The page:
Russian multinational cybersecurity firm and antivirus provider Kaspersky Lab has announced the extension of its Bug Bounty Program, first started late summer last year.
In a press release, the company notes that since the beginning of its Bug Bounty Program on August 1, 2016, which was started in partnership with platform provider HackerOne and kept going for six months, 20 bugs have been discovered between the two products that were subject to the initiative: Kaspersky Internet Security 2017 and Kaspersky Endpoint Security 10. This aforementioned time frame constituted phase one of the program, with the firm kicking off phase two as we speak.
What's changed is the financial reward offered for discovery of remote code execution bugs, up to $5,000 from $2,000 previously, and the addition of Kaspersky Password Manager 8 to the line-up of target products. As opposed to phase one, now both "qualified individuals and organizations" can submit reports on the three Kasperksy products.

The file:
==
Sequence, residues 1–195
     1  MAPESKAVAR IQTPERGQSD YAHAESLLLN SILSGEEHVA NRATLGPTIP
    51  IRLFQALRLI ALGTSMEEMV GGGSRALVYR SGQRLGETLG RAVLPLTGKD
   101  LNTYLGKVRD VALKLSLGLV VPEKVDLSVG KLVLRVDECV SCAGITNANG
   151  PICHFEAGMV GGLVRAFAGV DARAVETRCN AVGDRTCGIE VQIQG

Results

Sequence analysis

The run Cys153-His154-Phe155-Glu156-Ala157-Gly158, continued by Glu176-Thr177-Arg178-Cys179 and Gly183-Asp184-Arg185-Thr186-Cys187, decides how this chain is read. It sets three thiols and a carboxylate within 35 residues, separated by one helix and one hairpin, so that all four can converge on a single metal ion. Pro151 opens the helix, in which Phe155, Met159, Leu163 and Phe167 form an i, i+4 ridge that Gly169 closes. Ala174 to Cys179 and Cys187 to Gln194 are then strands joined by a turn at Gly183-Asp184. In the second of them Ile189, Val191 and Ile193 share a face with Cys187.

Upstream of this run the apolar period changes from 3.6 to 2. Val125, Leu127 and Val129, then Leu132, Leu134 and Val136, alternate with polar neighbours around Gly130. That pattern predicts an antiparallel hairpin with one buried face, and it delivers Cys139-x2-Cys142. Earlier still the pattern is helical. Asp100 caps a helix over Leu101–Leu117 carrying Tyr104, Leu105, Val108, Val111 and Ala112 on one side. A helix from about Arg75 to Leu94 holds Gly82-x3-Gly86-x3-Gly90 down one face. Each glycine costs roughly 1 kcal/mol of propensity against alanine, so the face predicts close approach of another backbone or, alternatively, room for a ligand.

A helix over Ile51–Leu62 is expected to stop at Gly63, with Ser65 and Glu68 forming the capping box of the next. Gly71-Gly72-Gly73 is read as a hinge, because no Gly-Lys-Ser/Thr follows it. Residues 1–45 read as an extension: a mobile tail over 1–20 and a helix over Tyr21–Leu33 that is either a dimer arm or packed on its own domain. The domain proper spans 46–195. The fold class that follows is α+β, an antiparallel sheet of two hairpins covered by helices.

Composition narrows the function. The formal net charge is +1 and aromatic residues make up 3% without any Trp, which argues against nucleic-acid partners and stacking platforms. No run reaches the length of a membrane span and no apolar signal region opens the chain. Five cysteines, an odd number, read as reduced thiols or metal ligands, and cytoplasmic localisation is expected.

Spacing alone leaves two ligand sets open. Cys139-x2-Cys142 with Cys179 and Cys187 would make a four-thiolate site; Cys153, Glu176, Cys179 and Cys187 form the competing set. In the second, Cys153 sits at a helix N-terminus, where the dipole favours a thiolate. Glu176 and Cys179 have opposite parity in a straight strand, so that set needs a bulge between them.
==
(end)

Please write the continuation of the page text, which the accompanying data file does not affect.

Commenting on the matter Kaspersky's Chief Technology Officer, Nikita Shvetsov, stated:
The security of our customers is our priority. That is why we take independent research into our products very seriously and apply its results to constantly improve our best-in-class technologies. Since August, it is fair to say that our Bug Bounty Program has been successful in optimising our internal and external mitigation measures to continuously improve the resiliency of our products. That’s why we’ve decided to extend it. We appreciate the enthusiastic participation of security researchers worldwide. As a mark of our respect for the work they do in helping us to bolster our solutions, we’ve increased the remuneration on offer in this second phase of the program and extended the scope to include other important Kaspersky Lab products.
The cybersecurity firm is looking for people to test these three products on "Microsoft Windows 8.1, or a more recent Microsoft desktop OS", with specific intent to find local privilege escalation, user data compromise and remote code execution vulnerabilities. These would be rewarded, on average, with $1,000, $2,000, and $5,000 respectively.
More information about the program can be found on the appropriate page at HackerOne.